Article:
No one today can make anything that hasn’t already been done before: Hari and Sukhmani
The boatman’s son, the lover by a well, the immigrant... by now, haven’t we all witnessed and scoffed at the transformation of Chhalla into a filler tune for every other Punjabi track — including its complete transmogrification in the 2010 Hindi film Crook and the recent Uri: The Surgical Strike. One then wonders how to react to folktronica duo Hari Singh and Sukhmani Malik’s staggering, grim, goosebump-inducing dubstep version of the tragic Punjabi melody they did for Coke Studio.
“We always try to stay true to the soul of the song. When we initially sat down to produce it, the adjectives you’ve chosen didn’t come to mind! But we love the way you have described it,” says the duo, who was in the Capital for a concert recently. “As an artist, it’s important to stay true to yourself. And if that is conveyed in your music, then it’s a job well done. I truly believe that one should not put themselves in a box and create boundaries for oneself. This world has so much to offer and I do not see a point in limiting myself,” adds Sukhmani.
Of late, Punjabi folk melodies have been harvested rather aggressively, thanks to the rich history and deep sense of soul and nostalgia their rustic strains and sounds evoke. The likes of Latthe Di Chaadar, Kala Doreya and Madhaaniyaan have all been variously repurposed in films, and lyrical variations introduced, often to the end product finding an instant connect with the audience. The Doorbeen’s Lamberghini, which came out in early 2018, was on everyone’s playlist, and everyone whose phone screen I peeked into on my daily commute would be watching celebrities and choreographers groove to it.
But unlike many of their contemporaries, Hari & Sukhmani have no pretensions to the rather vague concept of originality. Their version of Baagay Vich Aaya Karo, of which Lamberghini was another version, is a fusion track with a characteristic ambient feel, done in collaboration with the Australian band The Coconut Kids. The opening English vocals glide effortlessly into the lovers’ banter (boliyan) in Punjabi.
Aithe pyaar di puchh koi na/ tere naal naiyo bolna/Tere munh te muchh koi na
Maza pyaar da chakh langa/ je tera hukm hoye/ main taan daadhi vi rakh langa
“Music has no language, and mediums of expression will always change with time. The most important thing is to maintain the sanctity of the song... make sure one maintains the soul of the song in its production. Can anyone in today’s day and age make anything that hasn’t already been done before? There are only 12 notes. A performance by an artist is true if it is relevant. We have had a great response from some people. It’s impossible to please the whole world, I think even God won’t be able to!” says the duo, who has collaborated with the Pakistani rock band Noori, Thu Le from Vietnam and the Iranian percussionist Fakhruddin Ghaffari.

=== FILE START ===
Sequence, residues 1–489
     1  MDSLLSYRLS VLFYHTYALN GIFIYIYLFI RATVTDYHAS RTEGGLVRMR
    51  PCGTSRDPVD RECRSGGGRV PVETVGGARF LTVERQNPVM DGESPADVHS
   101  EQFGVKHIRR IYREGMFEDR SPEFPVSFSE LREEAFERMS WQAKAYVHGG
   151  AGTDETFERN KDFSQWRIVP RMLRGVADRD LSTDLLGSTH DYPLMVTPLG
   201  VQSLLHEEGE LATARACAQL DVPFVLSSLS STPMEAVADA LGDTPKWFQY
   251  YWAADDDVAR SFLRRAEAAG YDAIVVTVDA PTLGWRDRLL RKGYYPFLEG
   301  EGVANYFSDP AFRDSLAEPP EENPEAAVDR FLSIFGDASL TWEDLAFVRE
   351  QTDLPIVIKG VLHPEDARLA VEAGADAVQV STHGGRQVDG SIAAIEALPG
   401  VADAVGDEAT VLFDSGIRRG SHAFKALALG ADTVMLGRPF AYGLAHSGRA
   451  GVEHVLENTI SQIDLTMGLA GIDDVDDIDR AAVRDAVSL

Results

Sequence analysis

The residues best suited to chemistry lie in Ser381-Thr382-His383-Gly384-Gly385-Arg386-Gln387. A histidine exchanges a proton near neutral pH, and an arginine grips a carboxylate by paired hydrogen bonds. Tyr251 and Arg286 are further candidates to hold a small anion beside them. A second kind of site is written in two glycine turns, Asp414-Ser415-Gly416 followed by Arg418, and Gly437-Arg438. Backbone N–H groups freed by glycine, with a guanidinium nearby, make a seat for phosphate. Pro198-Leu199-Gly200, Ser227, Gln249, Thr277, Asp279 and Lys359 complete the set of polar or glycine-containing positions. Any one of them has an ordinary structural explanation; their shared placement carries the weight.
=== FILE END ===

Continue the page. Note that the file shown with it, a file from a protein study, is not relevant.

We’ve got to ask it straight up then: doesn’t independent music face the danger of being overrun by the charge of a revolutionised internet landscape and proliferating hit song remakes? The duo sounds unruffled as they explain, “Indie music is different! Hence, it has its own space. Now there are so many platforms to be heard on. There’s space for everyone. It’s just a matter of hard work and a bit of luck. Personally, indie music is more expressive and individual. It doesn’t have a mass appeal that comes from most generic music, but it doesn’t need to.”
Considering that Sukhmani is a classical vocalist trained in the Hindustani tradition, it is interesting that she chose to experiment with the traditional in this way. She says, "My decision to choose a master’s in music vocal was a game-changer. It opened my eyes to the world of sur. There is peace and divinity in it and I am very grateful to my classical training and my gurus.”
“Folk music along with Sufi music is something I have grown up with. It was only natural for me to bring my own approach to the songs. Something that just came to me, I didn’t have to put too much thought there. Very organic, so to speak. Having said that, I enjoy both versions of the songs. In the end, it’s the soul of the song that speaks, no matter how it’s presented (of course as long as one is true to it),” she adds.
What Sukhmani calls soul, along with the duo’s Sufi connect, comes unquestionably from their influences — the poets and mystics Bulleh Shah, Farid and Kabir. “They have such strong and hard-hitting poetry. And nothing has changed. It still makes so much sense in today’s world. Sufi poetry is epic! A simple thought: why are we so busy fighting with each other when we should be fighting with the nerve that is making us fight, right?” asks the singer.
Classical at the core and contemporary in their approach, all of their music is peppered with modern sounds and styles. How receptive has the Delhi audience been of their style? “Delhi audience gets us! The rest of north India has been kind to us, too. Of course, we’ve had moments where we’ve performed for crowds in a more rural setting and some of the wide-eyed looks we’ve got for our dress sense and musical presentation have been a sight for sore eyes!” they say.
Some contend that in entertainment, the present time is the time of opportunity, across roles and genres. The duo is open to doing Bollywood music, and is hopeful that good work is going to come their way. “There have been opportunities in the past, but we strongly believe when the time is right, everything will fall into place, whether it’s Bollywood or something else. We did, however, do a little something for Deepa Mehta in the starting of our career for a film called Videsh - Heaven on Earth (2008). You never know — perhaps in the future, there might be something!”